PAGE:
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Forums / PTSD & Trauma / Dehumanising experience at doctors

Topic: Dehumanising experience at doctors

4 posts, 0 answered
  1. PinkFeather
    PinkFeather avatar
    15 posts
    21 December 2020
    Today I drove 3 hours to the doctors to get my psych re-evalutation. I am falling apart. It's official, I'm experiencing anxiety at unprecedented levels. To get there wasn't easy. You see I had to travel with my husband whom I'm on the brink of breaking up with...the icing upon so much trauma it doesn't even bear thinking about.

    The necessity for this second dr's trip was because the first time, said husband had a melt-down and punched a car in the street... all before my all important dr's appoint. Yes, I felt I had been purposely derailed. Needless to say, I'm a blithering mess at the appointment and the dr gives me meds and walks me to reception to make the next appointment. Next appointment (today) I arrive and they've changed dr's on me, and as he isn't my normal dr, said he couldn't give me a psych assessement so I can get a referral for some much needed help.

    Again I'm a blithering mess with this unknown dr today, who instead of apologising to me, just rings the receptionist and blasts her instead. Between tears I explain it's a 6 hour round trip and I don't have my own transport.

    On a positive note the meds are starting to help; they make me feel vulnerable thinking that I need to rely on them, so I was stubborn to seek help again on this front. They are working and I'm glad that I did.

    Love and blessings to you all.
    3 people found this helpful
  2. Guest_342
    blueVoices member
    • A member of beyondblue's blueVoices community
    Guest_342 avatar
    195 posts
    21 December 2020 in reply to PinkFeather
    Hello Pink Feather,
    How upsetting that must have been, especially when you had such anticipation of things panning out well during your trip.
    I'm glad to hear the medication is going well. I have been taking something for my anxiety for a number of years now - I too voiced my concerns initially that I felt like taking medication was a cop-out and a failure on my part to cope with life's ups and downs. But I was told that so many people have similar needs and it's not a weakness at all to take medicines - it's simply the way some of us are wired, to excessively worry. So many people take medication for a range of things - headaches, high blood pressure, etc. and mine is for my anxiety which, while not a physical condition per se, is just as important for me to to nip in the bud and keep under control because, in turn, it can take a massive toll on me physically.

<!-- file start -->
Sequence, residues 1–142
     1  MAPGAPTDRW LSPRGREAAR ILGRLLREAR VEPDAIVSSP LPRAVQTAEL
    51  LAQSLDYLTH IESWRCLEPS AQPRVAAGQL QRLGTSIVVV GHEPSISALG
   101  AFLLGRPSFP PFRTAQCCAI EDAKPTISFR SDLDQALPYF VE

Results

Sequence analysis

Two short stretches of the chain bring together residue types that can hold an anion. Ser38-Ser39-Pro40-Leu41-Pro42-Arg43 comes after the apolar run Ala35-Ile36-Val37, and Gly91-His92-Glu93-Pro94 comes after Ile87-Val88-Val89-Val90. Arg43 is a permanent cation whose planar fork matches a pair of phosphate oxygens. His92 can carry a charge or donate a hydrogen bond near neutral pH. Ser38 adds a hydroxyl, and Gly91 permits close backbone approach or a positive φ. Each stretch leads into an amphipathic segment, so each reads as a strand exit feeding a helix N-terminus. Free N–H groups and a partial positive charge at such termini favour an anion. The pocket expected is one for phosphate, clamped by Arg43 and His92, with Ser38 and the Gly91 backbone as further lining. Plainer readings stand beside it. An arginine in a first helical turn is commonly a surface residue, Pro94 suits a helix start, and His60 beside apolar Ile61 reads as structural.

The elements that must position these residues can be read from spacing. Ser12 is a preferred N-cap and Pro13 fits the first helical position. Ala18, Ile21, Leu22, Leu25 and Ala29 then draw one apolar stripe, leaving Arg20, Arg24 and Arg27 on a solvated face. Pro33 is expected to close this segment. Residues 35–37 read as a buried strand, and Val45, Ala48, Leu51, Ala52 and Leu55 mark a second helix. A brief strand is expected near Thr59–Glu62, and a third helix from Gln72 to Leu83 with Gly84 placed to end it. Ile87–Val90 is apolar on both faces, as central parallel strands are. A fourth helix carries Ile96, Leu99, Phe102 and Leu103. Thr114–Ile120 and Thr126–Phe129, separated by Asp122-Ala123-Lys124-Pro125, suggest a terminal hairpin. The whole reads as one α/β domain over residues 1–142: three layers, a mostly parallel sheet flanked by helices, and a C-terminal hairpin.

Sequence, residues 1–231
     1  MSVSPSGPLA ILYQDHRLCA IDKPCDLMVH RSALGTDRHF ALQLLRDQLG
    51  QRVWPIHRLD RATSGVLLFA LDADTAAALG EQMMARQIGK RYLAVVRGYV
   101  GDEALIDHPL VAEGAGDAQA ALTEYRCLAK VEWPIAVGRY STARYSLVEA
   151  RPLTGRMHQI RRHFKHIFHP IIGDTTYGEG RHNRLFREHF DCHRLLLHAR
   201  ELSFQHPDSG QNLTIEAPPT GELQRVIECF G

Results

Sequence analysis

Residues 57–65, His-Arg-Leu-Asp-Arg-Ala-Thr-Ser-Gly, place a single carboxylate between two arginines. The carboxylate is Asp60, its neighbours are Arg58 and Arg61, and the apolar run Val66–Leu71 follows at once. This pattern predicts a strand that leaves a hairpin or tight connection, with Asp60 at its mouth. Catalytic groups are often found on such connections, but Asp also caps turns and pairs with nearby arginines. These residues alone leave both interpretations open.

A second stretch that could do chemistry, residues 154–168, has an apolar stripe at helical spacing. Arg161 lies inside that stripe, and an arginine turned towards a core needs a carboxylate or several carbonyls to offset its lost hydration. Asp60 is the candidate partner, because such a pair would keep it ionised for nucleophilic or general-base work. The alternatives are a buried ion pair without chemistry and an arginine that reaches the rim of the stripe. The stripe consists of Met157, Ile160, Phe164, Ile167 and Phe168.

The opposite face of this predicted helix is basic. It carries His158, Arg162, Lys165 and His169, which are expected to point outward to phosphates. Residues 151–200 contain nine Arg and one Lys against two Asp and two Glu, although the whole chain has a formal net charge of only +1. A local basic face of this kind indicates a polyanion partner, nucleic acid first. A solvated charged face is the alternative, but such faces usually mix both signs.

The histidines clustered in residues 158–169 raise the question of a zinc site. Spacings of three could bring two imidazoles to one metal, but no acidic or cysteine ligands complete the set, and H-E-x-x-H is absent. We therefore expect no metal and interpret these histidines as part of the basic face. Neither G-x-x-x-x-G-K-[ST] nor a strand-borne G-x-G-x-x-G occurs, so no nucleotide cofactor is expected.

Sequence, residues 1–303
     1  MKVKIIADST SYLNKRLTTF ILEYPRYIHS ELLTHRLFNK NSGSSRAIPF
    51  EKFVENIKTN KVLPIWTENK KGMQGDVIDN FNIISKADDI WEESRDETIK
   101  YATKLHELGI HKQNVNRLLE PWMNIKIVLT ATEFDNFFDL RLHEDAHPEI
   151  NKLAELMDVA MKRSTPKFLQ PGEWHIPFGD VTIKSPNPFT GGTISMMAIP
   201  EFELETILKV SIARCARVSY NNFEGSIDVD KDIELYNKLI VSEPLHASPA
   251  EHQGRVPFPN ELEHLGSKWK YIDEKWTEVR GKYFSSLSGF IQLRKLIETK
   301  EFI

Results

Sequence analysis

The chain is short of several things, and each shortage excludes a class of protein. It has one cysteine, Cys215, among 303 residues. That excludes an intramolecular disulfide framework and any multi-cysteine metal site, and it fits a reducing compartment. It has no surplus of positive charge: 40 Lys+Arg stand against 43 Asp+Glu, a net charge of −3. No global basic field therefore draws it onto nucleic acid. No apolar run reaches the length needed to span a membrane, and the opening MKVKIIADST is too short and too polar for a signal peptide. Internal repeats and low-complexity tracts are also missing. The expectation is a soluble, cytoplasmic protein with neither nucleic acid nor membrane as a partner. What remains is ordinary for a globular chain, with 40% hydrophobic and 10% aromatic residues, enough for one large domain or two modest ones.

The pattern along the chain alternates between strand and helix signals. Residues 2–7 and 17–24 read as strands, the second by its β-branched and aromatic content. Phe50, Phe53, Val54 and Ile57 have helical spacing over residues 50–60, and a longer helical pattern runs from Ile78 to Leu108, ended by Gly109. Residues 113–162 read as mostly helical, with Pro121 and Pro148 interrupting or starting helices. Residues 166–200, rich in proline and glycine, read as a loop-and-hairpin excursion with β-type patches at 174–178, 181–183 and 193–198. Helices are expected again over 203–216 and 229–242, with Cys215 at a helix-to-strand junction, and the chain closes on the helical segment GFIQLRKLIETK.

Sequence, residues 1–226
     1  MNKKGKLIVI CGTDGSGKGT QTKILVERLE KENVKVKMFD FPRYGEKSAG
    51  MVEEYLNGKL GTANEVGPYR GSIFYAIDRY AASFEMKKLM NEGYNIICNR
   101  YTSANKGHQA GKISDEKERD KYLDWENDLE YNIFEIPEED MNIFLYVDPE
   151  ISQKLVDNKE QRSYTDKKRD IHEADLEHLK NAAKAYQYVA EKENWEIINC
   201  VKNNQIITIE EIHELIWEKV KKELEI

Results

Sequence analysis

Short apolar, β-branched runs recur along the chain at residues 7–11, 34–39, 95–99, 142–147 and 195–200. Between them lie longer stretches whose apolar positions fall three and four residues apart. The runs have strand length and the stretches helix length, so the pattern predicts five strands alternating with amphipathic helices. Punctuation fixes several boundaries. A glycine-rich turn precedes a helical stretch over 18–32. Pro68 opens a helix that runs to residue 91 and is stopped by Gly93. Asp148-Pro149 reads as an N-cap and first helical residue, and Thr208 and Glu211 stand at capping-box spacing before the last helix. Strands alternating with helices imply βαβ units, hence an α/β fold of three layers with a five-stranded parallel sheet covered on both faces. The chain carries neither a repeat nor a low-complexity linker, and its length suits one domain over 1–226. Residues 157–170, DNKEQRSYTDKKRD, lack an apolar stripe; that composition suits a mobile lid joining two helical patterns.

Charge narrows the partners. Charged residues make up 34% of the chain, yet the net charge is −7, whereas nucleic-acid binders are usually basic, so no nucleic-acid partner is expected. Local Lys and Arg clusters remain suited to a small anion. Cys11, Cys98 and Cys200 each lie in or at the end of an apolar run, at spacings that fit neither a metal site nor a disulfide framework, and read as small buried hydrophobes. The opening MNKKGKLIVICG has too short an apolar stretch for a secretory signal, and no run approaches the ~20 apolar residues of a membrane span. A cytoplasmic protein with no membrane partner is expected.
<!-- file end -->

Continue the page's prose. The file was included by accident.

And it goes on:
Sorry for my rambling... hope it helps :)
    Best wishes, and big hugs.
    1 person found this helpful
  3. Jstar49
    Jstar49 avatar
    832 posts
    23 December 2020

    Hi pink feather,

    Wow, sweetie can I give you a virtual hug? That sounds truly awful! I think I would have been a mess too. I hope you're doing some really good self-care ( I noticed you have been popping in to the self care thread) to help yourself recover from your traumatic experience. Sometimes for me it feels like all my nerve endings get fried and it takes time and gentleness (and self care!) before I can be properly in this world again.

    The whole situation sounds really difficult.

    You sound very self aware throughout it all, I noticed some good boundary settings in your other posts.

    My H is hard work sometimes- can tend to indulge in his own emotions and experiences. Not very supportive. And we're not young, so for us it's a lot of work to create new habits. We've found the most fantastic counsellors which really helps. But then again he made the decision finally to attend counselling with me, so he wants to change. Does your H express any desire for the relationship to work better?

    It's great that the medication is helping. Even if it's just for now, to soften out the edges and help you cope while learning new skills and strategies. My sister in law has found CBT to be really helpful for anxiety. And there's a neat 5 senses exercise for calming a panic attack- concentrating on observing smell, sight, sound, taste, and touch. I'm guessing it's very grounding. Like gardening ;)

    Big hugs!

    J*

  4. Tammy_
    blueVoices member
    • A member of beyondblue's blueVoices community
    Tammy_ avatar
    3 posts
    23 December 2020 in reply to PinkFeather
    It sounds like you have a lot going on and you were let down at the doctors both times resulting in you being a blithering mess which is totally understandable! You went there for help and left feeling misunderstood and not heard and the tablets must feel like a band-aid. I too have anxiety and feel the same about them however they are what keeps me going while I put into practice other things on a daily routine like meditation, walking etc things that I enjoy for myself that are good for myself. It sounds like you are in the process of breaking up with your husband, whether that's your decision or not, these tablets will be of great help during this traumatic time. It sounds like you rely on him to get around which must make it ever harder for you but please know there are services and people out there that do listen and can help you and your situation.
    Love and blessings to you.

    T.

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